The New Normal – Ammo Will Remain in Demand: The days of tables stacked high with low-priced ammunition at the local gun show or shelves overflowing with boxes of ammunition in every caliber imaginable at the gun shop are likely a thing of the past. As long as President Joe Biden continues his calls for gun control that fact is unlikely to change.
Biden remains the best salesman the gun industry could hope to have, which explains why even as the sales of firearms have declined this year, they remain well above pre-pandemic levels.
2022 is on track to be the third strongest year on record, coming from the outsized years of 2020 and 2021, the National Shooting Sports Foundation (NSSF) – the firearms industry trade association – recently announced.
November was the 39th month in a row to see sales exceed one million units, with about 1.6 million guns being sold. That record of more than a million units sold isn’t likely to come to an end this month, as annual background check data indicated that firearm sales typically increase during the final month of the year coinciding with hunting seasons and holiday sales.
When gun sales remain strong, ammunition remains in high demand.
However, a number of firearms retailers across the country reported that stock of rifle ammunition was in greater supply this hunting season.
“We are in better shape this year, but still not wonderful. For instance, we have .30-06, but not in lead-free. We have a nice selection of .270 in stock. We have a lot of .308,” Pat Kukull, owner of Superior Shooters Supply in Duluth, Minnesota told the Duluth News Tribune earlier this fall.
The sentiment was echoed in neighboring Wisconsin.
“This year we’ve seen ammo start to come back, we have far more options on the shelves than we did the last two years,” Chief Operating Officer for Fireline Shooting and Training Center in Appleton Brandon Powers of Oshkosh explained to WFRV. “When they’re seeing things on the shelves the frustration of the last couple years of things not being there they’re picking it up and snagging it and having it in reserve ready to go.”
Beretta to Build New Ammunition Plant
The truly good news for shooters is that last month Beretta Holding Group, the parent company of Beretta USA, announced plans to invest $60 million in a state-of-the-art ammunition plant to be located in Savannah, Georgia.
Following its acquisition of Norma Precision, the Beretta Holding Group now employs over 1,000 people in the USA through Beretta USA, Benelli USA, Burris, and Steiner eOptics.
The new Norma Precision facility will offer a significant opportunity for Beretta to further increase its already extensive footprint in the U.S. adding ammunition to its U.S. operations. This could help address the ammunition shortages.
“I am delighted to announce our commitment to invest $60 million through our newly acquired US ammunition subsidiary, Norma Precision,” said Dott. Pietro Gussalli Beretta, president and CEO of Beretta Holding S.A.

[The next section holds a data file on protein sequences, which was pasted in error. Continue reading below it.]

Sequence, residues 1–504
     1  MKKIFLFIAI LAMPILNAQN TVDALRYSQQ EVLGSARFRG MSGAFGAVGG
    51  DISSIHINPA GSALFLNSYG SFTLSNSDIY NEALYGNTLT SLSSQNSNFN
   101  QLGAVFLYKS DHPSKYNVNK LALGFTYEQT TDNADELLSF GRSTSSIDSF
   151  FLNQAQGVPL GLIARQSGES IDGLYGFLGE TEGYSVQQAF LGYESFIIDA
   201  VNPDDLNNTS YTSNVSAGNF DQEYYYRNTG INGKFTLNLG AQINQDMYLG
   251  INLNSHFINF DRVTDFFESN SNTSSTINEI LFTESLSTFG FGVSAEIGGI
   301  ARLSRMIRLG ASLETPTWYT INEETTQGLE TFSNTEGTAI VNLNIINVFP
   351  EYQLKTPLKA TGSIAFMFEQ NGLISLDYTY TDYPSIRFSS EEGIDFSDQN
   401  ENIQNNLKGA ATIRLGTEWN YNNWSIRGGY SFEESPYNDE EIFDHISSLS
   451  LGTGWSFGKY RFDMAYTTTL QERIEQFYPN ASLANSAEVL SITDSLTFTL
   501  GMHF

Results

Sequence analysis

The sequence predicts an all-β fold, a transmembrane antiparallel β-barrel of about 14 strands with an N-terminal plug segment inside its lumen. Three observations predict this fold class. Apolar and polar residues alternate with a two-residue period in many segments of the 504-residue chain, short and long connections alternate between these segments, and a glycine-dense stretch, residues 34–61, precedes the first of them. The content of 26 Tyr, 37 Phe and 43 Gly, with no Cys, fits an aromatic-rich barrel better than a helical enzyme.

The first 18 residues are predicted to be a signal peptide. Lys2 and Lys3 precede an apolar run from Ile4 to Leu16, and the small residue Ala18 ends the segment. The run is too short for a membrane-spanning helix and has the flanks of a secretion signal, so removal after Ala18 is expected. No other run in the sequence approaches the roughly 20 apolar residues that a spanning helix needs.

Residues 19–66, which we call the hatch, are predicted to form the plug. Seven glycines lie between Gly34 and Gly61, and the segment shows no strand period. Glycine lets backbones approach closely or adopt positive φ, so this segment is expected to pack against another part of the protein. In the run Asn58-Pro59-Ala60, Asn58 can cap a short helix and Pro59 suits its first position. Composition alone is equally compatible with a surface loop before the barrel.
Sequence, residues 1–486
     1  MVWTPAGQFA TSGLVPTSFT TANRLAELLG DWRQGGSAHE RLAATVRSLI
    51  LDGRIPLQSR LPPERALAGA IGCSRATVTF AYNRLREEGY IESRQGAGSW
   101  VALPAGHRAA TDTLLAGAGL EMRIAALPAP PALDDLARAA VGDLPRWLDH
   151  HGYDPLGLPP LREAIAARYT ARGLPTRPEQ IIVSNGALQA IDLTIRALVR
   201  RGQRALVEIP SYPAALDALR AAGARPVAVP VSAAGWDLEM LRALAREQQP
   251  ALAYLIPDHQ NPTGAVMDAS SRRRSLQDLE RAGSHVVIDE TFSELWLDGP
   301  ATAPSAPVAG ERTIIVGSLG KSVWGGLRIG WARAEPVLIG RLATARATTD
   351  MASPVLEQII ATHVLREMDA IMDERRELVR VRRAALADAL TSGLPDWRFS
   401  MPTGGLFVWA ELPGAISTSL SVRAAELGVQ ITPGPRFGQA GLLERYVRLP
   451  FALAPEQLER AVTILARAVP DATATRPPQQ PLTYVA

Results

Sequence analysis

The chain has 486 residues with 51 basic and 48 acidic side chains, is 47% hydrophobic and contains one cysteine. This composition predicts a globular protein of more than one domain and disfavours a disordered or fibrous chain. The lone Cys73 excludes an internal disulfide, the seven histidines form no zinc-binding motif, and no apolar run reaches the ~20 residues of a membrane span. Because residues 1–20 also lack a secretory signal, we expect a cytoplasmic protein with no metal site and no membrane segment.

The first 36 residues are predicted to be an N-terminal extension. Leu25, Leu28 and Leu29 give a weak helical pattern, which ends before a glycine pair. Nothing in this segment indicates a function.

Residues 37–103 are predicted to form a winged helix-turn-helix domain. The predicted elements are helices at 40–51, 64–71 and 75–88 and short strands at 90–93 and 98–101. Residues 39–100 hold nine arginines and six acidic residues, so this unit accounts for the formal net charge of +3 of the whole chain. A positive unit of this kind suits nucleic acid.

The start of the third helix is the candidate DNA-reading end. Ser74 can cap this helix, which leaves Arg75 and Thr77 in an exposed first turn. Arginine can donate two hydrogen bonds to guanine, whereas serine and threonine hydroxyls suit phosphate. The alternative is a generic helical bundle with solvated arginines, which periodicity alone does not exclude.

“Together with my family and Beretta Holding, we are very proud to add ammunition manufacturing to our U.S. presence,” Beretta added. “That is a very special moment as we can now provide our loyal and dedicated U.S. customers with a full range of locally manufactured premium products spanning from firearms to ammunition and optics, all united under the same Group. We are also supporting the local economic network by creating hundreds of new jobs.”
The Empire State’s New Ammo Rules
Complicating matters is a push to ban online sales, and New York has become one of the latest states to put the curb on such ammunition transactions.
New York Attorney General Letitia James recently sent cease and desist orders to thirty-nine ammunition sellers that have been shipping directly to residents of the Empire State in violation of New York’s newly passed SAFE Act.
“Shipping bullets to New Yorkers’ doorsteps is illegal and ammunition sellers that ignore the law will face the full force of my office,” said Attorney General James. “Online sales of ammunition are dangerous and could end up in the wrong hands. We are taking action to protect communities and enforce our responsible gun laws. Ammunition sellers must stop illegally bringing ammo into New York. My office will continue to use every tool at our disposal to protect the safety of everyday New Yorkers.”
New York’s SAFE Act requires all ammunition sales to be conducted in person between a licensed firearms dealer or registered seller of ammunition, and the customer.
The law also requires ammunition sellers to create and maintain a record of every ammunition transaction in New York that includes the age, occupation, and residence of any person buying ammunition.
Even as supplies increase, buying ammunition could be a more difficult process for many Americans.
A Senior Editor for 19FortyFive, Peter Suciu is a Michigan-based writer. He has contributed to more than four dozen magazines, newspapers, and websites with over 3,000 published pieces over a twenty-year career in journalism. He regularly writes about military hardware, firearms history, cybersecurity, and international affairs. Peter is also a Contributing Writer for Forbes and Clearance Jobs. You can follow him on Twitter: @PeterSuciu.